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Careful What You Wish For – Round 1 Preview – Blues’ Special Teams

With the opening faceoff of Game 1 Thursday night inching ever closer, it’s now time to take a look at one of the more unpleasant aspects of facing the West East St. Louis River Rats: their special teams.

Power Play

While much of what comprises the power play is contingent on the health of the battered Blues’ top 6, the word from practice today is that only Timothy Leif has the potential of missing tomorrow’s action, and that includes Vlad Tarasenko. During the regular season, the Blues ranked 8th in the league, scoring 56 power play goals on 283 attempts, which ended up being the sixth most tries league-wide. So while it’s not exactly an automatic, it’s certainly formidable.


The biggest threats come on the first unit, specifically from the point men of Kevin Shattenkirk and Alex Steen. Shattenkirk has the natural offensive instincts to dictate the play from the blue line, with a vision and puck control to change his angle from a fronting defender whether he chooses to shoot or pass. And with 26 points on the power play (7 G, 19A), he clearly knows what he’s doing. More often than not he finds his partner Steen waiting and drifting into the right circle for a one time attempt with Captain Punchy camped out in front. Steen is tied with Shat with 7 goals, and Backes’ ample ass leads the team with 10. And now that the unit has an added threat in Jaden Schwartz working a half wall, one of the few Blues’ forwards that can get creative if given space, it makes it that much more difficult to defend against. Vlad Sobotka will fill in for Oshie should he not be able to go.

The second unit obviously figures to get a boost with Tarasenko’s return, and certainly both Petro and Jabe are more than capable point men at getting shots through traffic, but do not have the preternatural gifts of Shattenkirk. And when it’s what’s left of Brenden Morrow standing in front of the other goalie, they’re probably better off trying to pick their corners from a distance.

Either way, it’s best for the Hawks to not tempt fate and have to rely on a PK that did not allow a goal in the first round last year against Minnesota, this team has far more weapons and actually moves the puck rather than just let Ryan Suter hold it and peruse the landscape. The Hawks were shorthanded 248 times this past year, good for 5th fewest, but the Blues will undoubtedly try to physically goad them into something stupid, and the longer the game and series stays 5 on 5, the better equipped the Hawks will be to win it.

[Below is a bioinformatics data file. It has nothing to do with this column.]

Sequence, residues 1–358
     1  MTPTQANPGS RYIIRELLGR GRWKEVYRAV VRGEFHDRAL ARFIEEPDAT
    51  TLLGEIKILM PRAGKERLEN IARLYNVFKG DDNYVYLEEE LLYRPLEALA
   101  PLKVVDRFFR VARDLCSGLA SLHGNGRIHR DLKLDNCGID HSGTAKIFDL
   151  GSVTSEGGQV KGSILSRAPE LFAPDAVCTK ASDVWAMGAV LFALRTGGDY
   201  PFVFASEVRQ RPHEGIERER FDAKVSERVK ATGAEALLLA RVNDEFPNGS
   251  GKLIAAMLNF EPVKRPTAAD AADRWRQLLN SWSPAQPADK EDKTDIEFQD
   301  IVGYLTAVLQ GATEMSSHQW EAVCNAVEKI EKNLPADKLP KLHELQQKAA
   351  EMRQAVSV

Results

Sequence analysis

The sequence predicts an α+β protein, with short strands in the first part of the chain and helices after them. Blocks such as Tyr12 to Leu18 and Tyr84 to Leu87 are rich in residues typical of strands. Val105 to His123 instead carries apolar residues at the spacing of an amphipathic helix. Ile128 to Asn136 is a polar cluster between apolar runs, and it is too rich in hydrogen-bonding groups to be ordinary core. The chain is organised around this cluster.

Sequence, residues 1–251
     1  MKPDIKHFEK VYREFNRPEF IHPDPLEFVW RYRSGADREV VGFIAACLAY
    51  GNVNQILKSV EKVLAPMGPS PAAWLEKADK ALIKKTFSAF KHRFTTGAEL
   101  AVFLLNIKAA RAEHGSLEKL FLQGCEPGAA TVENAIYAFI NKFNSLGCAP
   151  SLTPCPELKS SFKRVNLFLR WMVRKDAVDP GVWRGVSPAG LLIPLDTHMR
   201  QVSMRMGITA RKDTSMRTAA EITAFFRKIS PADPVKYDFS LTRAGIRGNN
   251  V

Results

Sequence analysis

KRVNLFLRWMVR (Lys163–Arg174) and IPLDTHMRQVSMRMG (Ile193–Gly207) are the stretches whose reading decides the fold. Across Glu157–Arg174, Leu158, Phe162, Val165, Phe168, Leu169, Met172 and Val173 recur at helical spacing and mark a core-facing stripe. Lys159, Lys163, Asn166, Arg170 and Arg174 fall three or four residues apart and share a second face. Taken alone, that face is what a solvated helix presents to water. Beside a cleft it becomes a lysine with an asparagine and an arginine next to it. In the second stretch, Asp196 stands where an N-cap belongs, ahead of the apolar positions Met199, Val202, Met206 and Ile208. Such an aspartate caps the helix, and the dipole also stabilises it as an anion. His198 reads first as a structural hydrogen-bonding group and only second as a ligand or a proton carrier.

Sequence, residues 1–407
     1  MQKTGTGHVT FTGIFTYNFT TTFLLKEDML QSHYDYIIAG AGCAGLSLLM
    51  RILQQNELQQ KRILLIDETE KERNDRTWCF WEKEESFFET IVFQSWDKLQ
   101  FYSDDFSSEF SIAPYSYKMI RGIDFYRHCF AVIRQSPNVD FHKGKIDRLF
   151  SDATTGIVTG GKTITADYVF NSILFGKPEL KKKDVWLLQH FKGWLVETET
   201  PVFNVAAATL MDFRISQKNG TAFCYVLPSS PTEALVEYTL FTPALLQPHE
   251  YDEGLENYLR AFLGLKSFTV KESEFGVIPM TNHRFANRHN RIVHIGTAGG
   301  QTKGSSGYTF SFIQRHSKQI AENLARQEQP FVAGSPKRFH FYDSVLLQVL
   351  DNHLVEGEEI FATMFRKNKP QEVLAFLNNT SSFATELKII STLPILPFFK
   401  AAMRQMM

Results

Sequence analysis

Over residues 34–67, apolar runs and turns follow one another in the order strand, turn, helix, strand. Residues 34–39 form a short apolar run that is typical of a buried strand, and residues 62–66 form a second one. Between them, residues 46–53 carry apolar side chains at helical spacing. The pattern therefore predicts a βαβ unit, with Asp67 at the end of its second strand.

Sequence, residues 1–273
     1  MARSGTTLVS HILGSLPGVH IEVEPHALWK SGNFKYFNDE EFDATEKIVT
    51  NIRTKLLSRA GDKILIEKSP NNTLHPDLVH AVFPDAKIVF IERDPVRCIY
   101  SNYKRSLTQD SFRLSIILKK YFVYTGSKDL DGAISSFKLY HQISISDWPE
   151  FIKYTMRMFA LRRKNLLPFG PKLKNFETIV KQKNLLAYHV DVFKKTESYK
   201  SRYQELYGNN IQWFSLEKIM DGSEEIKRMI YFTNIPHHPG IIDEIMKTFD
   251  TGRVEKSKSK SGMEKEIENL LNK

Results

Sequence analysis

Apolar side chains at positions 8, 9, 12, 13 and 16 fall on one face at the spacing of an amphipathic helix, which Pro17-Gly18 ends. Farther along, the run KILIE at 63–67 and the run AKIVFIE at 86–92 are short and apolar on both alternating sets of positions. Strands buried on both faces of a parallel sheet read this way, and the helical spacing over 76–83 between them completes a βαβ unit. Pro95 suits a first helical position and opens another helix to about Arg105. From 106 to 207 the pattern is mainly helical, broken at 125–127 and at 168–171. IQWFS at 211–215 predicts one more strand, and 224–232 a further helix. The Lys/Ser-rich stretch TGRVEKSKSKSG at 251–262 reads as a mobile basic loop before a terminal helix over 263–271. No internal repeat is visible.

Penalty Kill

It’s been hammered home many times during the last few years, but in the post season it’s been shown time and again that with all things being equal, capitalizing on a power play isn’t as necessary as having diamond-tough PK. While this might sound like before-the-fact rationalization for a clown-shoes performance by the Hawk power play, it is based in fact. And if the Hawks can carry their edge in 5 on 5 possession and scoring over basically everybody into the post season, piercing holes in the opposition’s kill doesn’t become as dire, even if that sentiment isn’t gratifying in the least.

Because the Blues were shorthanded the fifth most frequently in the league at 294 times, there will be ample opportunity for the Hawks to even fall ass backwards into a goal or two, if only to prove as a slight scare tactic to keep the game 5 on 5 for themselves. But the Blues do possess many able bodied PKers in Backes, Steen, Oshie, Schwartz, Lapierre, Ott, etc, and were second best in the league with an 85.7 kill rate, along with 6 shorties.

Since his arrival in St. Louis, Ryan Miller has been less than impressive on the kill, allowing 11 goals and bosting a save percentage of .855. To put that in perspective, his backup sports a .921 on the kill, and predecessor Jaro Halak was at .879. While a certain portion of this can be attributed to many of the Blues forwards dropping like flies in front of him, there’s the old war horse of a goaltender needing to be a team’s best penalty killer, as well as the Blues bringing Miller in as a “big game goalie”, and the numbers say to this point he’s been neither of those things.

The Blues run a high pressure kill with aggressive starts and stops to front a puck carrier, and they’ll do so with extreme prejudice against the point men of the first unit of Duncan Keith and Patrick Sharp. Keith is not a natural power play quarterback and has difficulty recognizing when to change his angle prior to launching a puck into shinpads, and Sharp is set up as a trigger man that can be caught flat footed going the other way. Keeping the puck at the half wall and below the goal line with Toews and Kane figures to be the best strategy.

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